“You have all the time you need. All the time in the world.”
– Allan Quatermain, The League of Extraordinary Gentlemen
That quote is a line from the movie The League of Extraordinary Gentlemen. Allan (Sean Connery) is reminding Tom Sawyer (Shane West) about shooting. Never mind the target is the villain running for his life. Never mind he is already miles away. In that moment (pictured above), Tom Sawyer aims, takes a moment, fires, and hits his mark. He is finally an expert marksman.
I feel a bit old (the movie came out in 2003) but remembering that scene reminds me of a piece of advice I want to share (especially) with newer speakers. It is advice I have only recently begun putting into practice.
The advice is this. After you shake hands with the Toastmaster (or emcee) and position yourself in front of the audience, take a breath and take a moment. You have all the time in the world. I understand from a practical perspective that is not true. Chances are you are not the only speaker and only a certain length of time has been allotted for your speech. Regardless, just take a second or two to pause and feel like you have all the time in the world. Use that to mentally prepare yourself and begin.
During my childhood I clearly remember one piano lesson where my teacher was ready to yank out her own hair because I was so “unsure” of my starting note I restarted that single note no fewer than five times. If I wasn’t ready, I shouldn’t have started. She told me (in many frustration-filled words) that I could not press down on that first key unless I was absolutely sure of that first note, and all the other notes that would follow. Imagine if I had done that kind of a start during a recital, or during my piano exams. Not only would it have been extremely cringe-worthy, but whatever emotion and power behind that song would never be realized.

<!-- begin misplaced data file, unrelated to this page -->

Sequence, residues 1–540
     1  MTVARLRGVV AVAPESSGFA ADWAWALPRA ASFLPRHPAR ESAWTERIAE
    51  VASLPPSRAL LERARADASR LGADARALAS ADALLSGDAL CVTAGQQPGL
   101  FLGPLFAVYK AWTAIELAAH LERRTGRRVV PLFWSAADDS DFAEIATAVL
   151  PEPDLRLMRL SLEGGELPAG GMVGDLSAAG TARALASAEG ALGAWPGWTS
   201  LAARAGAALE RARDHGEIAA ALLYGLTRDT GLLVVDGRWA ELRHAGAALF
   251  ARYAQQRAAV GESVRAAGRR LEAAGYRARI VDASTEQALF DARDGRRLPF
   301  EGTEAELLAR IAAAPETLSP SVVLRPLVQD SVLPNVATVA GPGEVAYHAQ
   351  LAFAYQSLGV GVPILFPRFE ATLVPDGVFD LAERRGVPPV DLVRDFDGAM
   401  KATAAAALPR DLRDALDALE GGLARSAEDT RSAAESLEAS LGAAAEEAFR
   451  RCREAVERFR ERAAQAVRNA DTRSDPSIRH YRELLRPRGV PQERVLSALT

Maybe you are eager to start speaking because you just want to get it over with and sit back down! Perhaps you have rehearsed it so much you want to spit it out before you forget the words. Both reasons are perfectly understandable (I’ve used them myself many, many times) but both reasons could cause you to trip and stumble out of the gate (or play the same note five times). If you want to grab a hold of the audience and keep them engaged for the remainder of your awesome speech, you must do so within the first line. That line could be a surprise that jars them AWAKE. Or it could be a soft mysterious line that piques their curiosity. Whatever it is, you must be ready.
The next time you stand in front of the audience about to give a speech, remember you don’t have to start at that exact second. Take a deep breath and take that second or two to mentally prepare yourself. Imagine the first line of your speech, and how you want to say it. When you are ready, go.
Take your time. You have all the time in the world.